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LEAPtionary #2

Welcome to LEAPtionary, where we explain the concepts mentioned frequently in the entrepreneurship ecosystem. In the second series of LEAPtionary, we will examine the types of investment rounds. The stages and characteristics of investment rounds may differ by region.

Pre-Seed Stage: At the pre-seed stage, entrepreneurs often use their own savings and capital to develop their products and business ideas, or they may receive small amounts of investment from family & friends & friends. They may also receive mentoring, consulting and financial support from angel investors and private or state-funded accelerator and incubator programs. In the first article of the LEAPtionary series, we introduced angel investors, accelerator programs and incubators.

For startups, the pre-seed stage refers to the pre-revenue, pre-customer and even pre-market-product fit era. Although venture capital funds do not prefer to take part in this stage, they may support the success of entrepreneurs they know from previous ventures and circles, especially from business life, and they may prefer to join their journey with smart capital by getting involved in their success journey at an earlier stage.

Fun Fact: Northzone’s investment in Spotify’s success story is a suitable example of VCs taking risks and getting involved in the pre-seed stage when they find the right team and startup. Northzone VC fund manager Pär-Jörgen Pärson, who had previously worked with Spotify founders Daniel Ek and Martin Lorentzon at different companies, decided to invest in Spotify, which was deemed unlikely to succeed due to the state of the music industry at that time. Northzone had a 5% stake when Spotify went public at a valuation of $29.5 billion.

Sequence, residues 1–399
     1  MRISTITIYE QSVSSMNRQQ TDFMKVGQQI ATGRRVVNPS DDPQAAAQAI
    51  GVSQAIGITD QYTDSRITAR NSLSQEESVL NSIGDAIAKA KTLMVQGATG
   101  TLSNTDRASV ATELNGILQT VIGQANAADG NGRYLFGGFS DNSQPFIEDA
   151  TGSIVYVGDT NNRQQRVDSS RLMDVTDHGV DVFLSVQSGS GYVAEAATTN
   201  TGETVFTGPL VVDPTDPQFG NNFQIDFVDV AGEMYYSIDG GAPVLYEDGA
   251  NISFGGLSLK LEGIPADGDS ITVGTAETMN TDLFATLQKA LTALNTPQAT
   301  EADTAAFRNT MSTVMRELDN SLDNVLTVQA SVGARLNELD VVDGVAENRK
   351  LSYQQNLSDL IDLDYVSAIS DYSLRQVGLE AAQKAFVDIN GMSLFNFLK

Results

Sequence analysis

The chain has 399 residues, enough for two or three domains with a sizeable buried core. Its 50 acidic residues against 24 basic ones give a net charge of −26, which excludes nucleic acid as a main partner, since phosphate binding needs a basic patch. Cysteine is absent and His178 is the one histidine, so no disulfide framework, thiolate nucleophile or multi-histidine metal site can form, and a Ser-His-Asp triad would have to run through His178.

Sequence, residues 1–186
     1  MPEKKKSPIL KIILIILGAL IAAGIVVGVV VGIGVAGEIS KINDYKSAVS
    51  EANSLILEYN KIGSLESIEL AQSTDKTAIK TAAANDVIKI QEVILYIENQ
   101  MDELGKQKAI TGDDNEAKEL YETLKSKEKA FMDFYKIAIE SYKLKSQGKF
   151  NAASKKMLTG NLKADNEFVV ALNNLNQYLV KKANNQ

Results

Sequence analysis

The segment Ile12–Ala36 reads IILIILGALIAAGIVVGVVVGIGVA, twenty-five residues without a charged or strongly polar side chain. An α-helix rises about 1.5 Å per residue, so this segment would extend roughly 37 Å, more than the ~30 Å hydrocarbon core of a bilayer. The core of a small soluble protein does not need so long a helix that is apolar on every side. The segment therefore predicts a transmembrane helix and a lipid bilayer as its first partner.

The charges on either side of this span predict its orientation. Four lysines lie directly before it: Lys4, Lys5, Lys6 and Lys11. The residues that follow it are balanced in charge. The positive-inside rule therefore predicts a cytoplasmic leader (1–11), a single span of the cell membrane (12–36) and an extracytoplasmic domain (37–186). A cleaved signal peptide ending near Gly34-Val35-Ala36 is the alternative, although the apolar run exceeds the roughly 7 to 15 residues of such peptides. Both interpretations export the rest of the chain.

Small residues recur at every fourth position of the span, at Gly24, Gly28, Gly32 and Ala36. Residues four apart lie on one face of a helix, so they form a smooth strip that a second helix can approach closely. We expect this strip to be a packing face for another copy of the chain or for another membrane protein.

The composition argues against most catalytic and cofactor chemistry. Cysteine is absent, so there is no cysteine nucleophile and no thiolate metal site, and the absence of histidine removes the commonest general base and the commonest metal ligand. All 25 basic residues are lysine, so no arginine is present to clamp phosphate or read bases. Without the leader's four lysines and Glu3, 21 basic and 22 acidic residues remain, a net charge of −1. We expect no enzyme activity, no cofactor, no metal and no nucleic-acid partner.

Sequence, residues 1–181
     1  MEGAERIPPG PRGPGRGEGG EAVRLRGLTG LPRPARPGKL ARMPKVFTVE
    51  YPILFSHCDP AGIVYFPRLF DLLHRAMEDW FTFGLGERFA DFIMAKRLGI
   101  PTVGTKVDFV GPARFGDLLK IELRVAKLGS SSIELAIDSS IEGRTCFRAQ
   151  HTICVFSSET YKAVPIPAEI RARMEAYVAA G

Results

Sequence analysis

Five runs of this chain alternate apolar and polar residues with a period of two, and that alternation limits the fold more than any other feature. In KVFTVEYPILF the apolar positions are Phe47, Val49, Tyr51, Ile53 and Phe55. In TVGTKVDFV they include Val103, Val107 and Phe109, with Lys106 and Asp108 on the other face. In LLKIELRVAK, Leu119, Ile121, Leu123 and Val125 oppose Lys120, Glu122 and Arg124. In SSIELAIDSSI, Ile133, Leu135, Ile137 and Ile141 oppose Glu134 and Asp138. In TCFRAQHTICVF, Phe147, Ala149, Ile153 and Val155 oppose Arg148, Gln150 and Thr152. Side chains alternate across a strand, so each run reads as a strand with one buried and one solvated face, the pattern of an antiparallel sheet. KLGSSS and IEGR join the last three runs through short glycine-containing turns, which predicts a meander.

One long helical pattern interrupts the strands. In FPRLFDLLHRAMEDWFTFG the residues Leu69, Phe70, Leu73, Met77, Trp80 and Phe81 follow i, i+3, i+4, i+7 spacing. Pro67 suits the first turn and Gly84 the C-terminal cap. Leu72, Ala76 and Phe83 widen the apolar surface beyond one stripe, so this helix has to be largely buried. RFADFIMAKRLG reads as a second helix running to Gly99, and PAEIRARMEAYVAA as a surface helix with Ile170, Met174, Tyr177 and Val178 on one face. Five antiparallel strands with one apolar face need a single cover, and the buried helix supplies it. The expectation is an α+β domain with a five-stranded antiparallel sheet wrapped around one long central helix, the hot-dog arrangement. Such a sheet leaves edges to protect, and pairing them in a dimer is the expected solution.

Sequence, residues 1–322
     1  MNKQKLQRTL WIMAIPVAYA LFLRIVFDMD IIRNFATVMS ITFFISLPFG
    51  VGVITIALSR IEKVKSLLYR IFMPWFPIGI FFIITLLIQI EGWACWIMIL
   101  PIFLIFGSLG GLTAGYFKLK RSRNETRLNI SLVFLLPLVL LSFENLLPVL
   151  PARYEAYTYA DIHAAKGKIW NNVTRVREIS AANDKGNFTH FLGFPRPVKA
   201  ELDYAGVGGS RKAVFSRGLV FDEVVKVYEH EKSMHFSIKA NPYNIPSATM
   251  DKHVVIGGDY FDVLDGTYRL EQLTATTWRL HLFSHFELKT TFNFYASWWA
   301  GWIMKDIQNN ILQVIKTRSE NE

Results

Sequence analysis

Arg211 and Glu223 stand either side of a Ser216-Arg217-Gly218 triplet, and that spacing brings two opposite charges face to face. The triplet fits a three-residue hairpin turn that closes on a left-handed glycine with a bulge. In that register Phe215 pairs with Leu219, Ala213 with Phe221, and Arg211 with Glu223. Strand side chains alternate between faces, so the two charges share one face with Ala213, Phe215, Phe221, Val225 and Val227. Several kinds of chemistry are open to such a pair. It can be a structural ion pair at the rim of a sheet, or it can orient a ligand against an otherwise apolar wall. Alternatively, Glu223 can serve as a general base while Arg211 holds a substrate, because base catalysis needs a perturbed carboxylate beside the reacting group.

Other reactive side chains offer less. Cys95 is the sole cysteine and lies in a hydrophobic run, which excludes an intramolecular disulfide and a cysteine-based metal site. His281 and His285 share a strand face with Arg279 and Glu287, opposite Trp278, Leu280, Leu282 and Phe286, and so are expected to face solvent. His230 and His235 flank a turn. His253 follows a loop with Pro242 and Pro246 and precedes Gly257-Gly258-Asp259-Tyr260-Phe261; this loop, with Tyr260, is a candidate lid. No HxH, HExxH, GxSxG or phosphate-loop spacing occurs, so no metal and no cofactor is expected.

Seed Stage: At the seed stage, the entrepreneur seeks seed capital to realize their business idea. Angel investors and venture capital firms usually invest at this stage. In our country, companies that receive investment at the seed stage are expected to have acquired customers and generate revenue, while profitability may not be prioritized in the decision-making process depending on the investment thesis.

Series A Stage: Startups seek larger amounts of investment in the series A stage. At this stage, investments are usually made by venture capital firms. In some cases, institutional investors and private equity funds may also be involved in Series A investments. Startups should seek a Series A round, when they have established their business plans, acquired global customers and defined go-to-market strategies for different markets.

Series B, Series C and Series D Stages: At Series B, C and D stages, venture capital firms, private equity firms and large-scale institutional investors usually invest in startups. In these stages, the startup receives larger amounts of investment for further growth and expansion. Exit strategies such as an initial public offering (IPO) or acquisition may also be options to raise funds.

Bootstrapping: This is when the entrepreneur funds the company’s operations without receiving any investment and giving away shares in the company. The entrepreneur uses the revenues from the company’s operations and personal financing.

Fun Fact: GoPro’s story is a good example of a bootstrapped startup. Before Foxconn invested $200 million, Nick Woodman ran his company’s operations using money borrowed from his mother, cash coming from selling his van when he moved in with his family, and his personal savings.

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